instances, as in the case of Noah, the dependents were included in the faith of their head, and were delivered, not by their own profession of faith, but by his; his faith, not theirs, called forth the miraculous interpositions of our Lord.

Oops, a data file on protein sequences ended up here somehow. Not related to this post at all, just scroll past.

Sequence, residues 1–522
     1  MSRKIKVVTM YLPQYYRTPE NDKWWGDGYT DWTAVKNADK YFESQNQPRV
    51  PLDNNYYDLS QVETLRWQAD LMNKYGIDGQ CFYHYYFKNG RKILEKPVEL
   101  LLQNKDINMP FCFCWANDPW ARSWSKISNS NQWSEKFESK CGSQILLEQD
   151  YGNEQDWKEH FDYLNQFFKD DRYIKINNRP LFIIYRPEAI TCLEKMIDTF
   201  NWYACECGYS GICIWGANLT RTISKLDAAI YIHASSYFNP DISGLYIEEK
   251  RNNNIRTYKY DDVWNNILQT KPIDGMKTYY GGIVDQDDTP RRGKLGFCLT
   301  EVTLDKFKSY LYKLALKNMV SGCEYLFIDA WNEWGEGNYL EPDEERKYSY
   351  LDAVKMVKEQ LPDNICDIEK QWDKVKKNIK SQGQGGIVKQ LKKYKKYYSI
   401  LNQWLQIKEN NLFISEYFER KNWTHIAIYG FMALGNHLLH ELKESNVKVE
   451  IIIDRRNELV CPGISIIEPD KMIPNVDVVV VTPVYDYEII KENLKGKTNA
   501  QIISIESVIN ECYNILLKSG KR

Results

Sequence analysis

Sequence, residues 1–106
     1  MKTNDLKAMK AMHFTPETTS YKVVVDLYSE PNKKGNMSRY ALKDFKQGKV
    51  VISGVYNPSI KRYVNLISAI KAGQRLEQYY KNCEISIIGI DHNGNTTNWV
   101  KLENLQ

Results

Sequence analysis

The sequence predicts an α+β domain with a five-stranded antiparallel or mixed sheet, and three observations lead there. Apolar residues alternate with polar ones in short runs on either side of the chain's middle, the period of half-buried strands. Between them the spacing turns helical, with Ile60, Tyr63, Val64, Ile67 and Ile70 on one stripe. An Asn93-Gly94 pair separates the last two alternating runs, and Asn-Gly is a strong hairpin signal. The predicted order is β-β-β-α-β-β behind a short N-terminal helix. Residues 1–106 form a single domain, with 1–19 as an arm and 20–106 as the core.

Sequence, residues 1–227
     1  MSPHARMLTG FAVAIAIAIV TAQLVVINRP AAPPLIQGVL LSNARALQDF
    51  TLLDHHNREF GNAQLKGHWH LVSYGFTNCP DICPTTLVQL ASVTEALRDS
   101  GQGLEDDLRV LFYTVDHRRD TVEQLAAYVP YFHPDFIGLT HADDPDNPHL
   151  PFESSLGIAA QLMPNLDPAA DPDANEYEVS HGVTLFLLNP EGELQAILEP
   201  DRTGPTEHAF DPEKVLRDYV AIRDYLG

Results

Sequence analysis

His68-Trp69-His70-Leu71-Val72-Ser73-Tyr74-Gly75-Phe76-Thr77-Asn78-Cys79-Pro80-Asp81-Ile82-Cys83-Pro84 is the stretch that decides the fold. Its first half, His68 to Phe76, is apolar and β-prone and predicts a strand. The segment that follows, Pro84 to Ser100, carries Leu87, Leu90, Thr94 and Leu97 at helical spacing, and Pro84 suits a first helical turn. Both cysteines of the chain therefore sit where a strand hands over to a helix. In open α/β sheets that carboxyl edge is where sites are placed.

On coming out of the ark, the first act of Noah was the founding of a church : " He builded an altar to the Lord” (Gen. viii. 20). On it he offered burnt-offerings of every clean animal ; expressive of the death which he and they had deserved, and that their deliverance was of mercy alone; and if so with the clean, much more with the unclean: “ And the Lord said in his heart, I will not again curse the ground any more for man's sake.” Our duty, corresponding with Noah's sacrifice is given, Rom. xii.: “I beseech you,